Fr. Roy Cimagala
It cer-tainly would seem so, if we have to consider the tone of the exchanges of ideas, opi-nions and views in the media to-day—espe-cially the American media. It’s amazing that people who flaunt their being tolerant, broad-minded, politically correct, etc. to the public, are throwing verbal barbs and inflammatory words to those who may have different or conflicting views.
There’s a lot of toxic air around nowadays, and this should be a great challenge for us. We can always disagree with the others in many issues, but these disagreements are no excuse for us to indulge in seething and prolonged anger, if not bursting hatred.
Yes, we are free to express our views, but let’s not curtail or undermine the same freedom that others also have to express their views either, no matter how lowly we consider their views to be.
We should expect a great variety of opinions and positions, especially today when the world is growing in sophistication. But this variety that can include not only different but also conflicting views should occasion in us an enrichment of our knowledge of things.
It should not occasion animosity, discord and division. We have to be wary when our reactions to the views of others start to hover around impatience, irritation, irony, sarcasm and the like.
We have to practice a lot of patience and understanding, trying to see where the others are coming from. Patience is our capacity to suffer or to bear, and in this life, we cannot help but suffer and bear the burden of the others.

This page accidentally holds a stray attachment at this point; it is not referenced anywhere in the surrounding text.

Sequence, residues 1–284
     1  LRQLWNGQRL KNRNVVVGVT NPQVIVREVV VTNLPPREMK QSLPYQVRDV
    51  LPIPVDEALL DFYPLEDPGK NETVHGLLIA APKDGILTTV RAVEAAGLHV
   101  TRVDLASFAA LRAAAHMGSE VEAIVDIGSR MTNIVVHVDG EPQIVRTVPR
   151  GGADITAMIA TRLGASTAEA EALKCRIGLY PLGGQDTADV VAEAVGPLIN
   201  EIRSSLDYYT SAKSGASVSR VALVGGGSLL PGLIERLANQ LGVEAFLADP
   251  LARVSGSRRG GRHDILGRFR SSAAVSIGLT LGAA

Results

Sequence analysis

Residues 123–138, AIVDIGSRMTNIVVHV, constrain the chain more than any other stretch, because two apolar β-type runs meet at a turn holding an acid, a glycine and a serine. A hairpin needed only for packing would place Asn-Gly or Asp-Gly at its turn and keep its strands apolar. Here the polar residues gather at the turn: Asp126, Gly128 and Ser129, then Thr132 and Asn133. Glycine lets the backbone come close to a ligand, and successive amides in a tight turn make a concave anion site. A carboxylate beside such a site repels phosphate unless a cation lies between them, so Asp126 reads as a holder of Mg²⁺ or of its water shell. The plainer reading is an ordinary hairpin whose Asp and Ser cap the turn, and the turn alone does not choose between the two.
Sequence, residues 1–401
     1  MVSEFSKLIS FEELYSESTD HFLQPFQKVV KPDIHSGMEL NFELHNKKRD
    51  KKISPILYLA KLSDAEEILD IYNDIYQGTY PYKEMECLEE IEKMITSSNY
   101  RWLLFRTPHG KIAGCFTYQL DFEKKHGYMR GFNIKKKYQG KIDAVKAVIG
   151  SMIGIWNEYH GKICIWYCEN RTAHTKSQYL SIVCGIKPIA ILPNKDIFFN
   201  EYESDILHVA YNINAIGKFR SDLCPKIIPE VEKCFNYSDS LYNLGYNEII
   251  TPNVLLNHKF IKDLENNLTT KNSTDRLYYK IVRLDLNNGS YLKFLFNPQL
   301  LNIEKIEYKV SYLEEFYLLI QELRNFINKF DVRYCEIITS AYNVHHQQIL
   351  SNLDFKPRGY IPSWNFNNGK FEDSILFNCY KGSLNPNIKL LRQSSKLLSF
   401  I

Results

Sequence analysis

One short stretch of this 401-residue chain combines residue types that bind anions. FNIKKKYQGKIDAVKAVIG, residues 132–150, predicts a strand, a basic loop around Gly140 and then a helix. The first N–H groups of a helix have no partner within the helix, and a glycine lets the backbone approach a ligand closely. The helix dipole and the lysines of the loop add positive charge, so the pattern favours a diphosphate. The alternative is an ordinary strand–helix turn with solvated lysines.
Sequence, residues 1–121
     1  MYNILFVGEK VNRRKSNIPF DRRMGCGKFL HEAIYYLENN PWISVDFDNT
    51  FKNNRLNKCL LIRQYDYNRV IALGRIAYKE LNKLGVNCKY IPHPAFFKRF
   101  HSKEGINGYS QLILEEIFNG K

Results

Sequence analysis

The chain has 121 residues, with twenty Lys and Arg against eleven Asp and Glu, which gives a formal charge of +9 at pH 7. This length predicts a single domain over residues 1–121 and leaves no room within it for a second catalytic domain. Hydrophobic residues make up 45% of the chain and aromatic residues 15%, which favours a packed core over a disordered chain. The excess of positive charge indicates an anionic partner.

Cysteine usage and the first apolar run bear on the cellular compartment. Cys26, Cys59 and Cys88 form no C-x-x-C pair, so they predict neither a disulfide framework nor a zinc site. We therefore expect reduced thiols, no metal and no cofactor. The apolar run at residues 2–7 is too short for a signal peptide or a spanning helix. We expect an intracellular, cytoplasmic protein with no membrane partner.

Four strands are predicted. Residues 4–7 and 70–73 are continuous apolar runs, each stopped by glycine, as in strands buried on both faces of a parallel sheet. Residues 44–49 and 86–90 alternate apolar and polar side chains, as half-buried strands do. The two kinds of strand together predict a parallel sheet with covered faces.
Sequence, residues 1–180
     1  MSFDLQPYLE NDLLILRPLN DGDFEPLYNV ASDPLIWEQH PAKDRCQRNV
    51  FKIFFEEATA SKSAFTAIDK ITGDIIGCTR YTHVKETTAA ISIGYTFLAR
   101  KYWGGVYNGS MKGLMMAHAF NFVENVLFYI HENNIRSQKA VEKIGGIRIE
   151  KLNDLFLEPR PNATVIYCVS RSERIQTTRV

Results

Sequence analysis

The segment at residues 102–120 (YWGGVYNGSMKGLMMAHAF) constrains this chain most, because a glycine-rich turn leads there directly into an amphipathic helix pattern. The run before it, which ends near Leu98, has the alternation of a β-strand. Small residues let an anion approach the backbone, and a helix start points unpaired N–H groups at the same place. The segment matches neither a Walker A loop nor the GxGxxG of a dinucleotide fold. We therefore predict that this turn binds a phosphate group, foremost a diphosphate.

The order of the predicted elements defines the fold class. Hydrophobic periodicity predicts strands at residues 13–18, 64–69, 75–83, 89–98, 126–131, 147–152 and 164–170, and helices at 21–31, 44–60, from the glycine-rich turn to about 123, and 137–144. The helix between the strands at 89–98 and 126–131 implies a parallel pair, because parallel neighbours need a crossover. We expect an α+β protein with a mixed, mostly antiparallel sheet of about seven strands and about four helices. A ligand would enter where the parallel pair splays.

We have to learn how to discipline our emotions and polish our temper. We should refrain from immediately answering back when we feel provoked.
We have to see to it that our heart is full of goodness and compassion, because, as the gospel has told us, “out of the abundance of the heart the mouth speaks.” (Lk 6, 45) What we have in our heart should only be goodness that is stronger than evil.
Of course, the current problem we have in this field is a call for us to return to God. Without him, we would be at the mercy of our emotions, passions and intellectual powers. We should immediately realize that this situation is dangerous to us.
We all know that if these are not anchored on God, there is no other way but for them to go wild. What was meant by God to be good for us can turn to be a great evil if used simply by our own designs. This is a basic truth in human and Christian morality.
It does not mean that we would be impoverishing our public exchanges of views and opinions if we discipline and restrain our emotions, passions and intellectual powers. The contrary is true. When we discipline them, our public discourse would become more purified of unneces-sary and confusing elements. It would become more focused on the essentials.
One thing we can always do is to rectify our intentions before, during and after our exchanges, and to cultivate the virtue of tactfulness. Fr. Roy Cimagala is Chaplain, Center for Industrial Technology and Enterprise (CITE), Talamban, Cebu City, Email: roycimagala @gmail.com.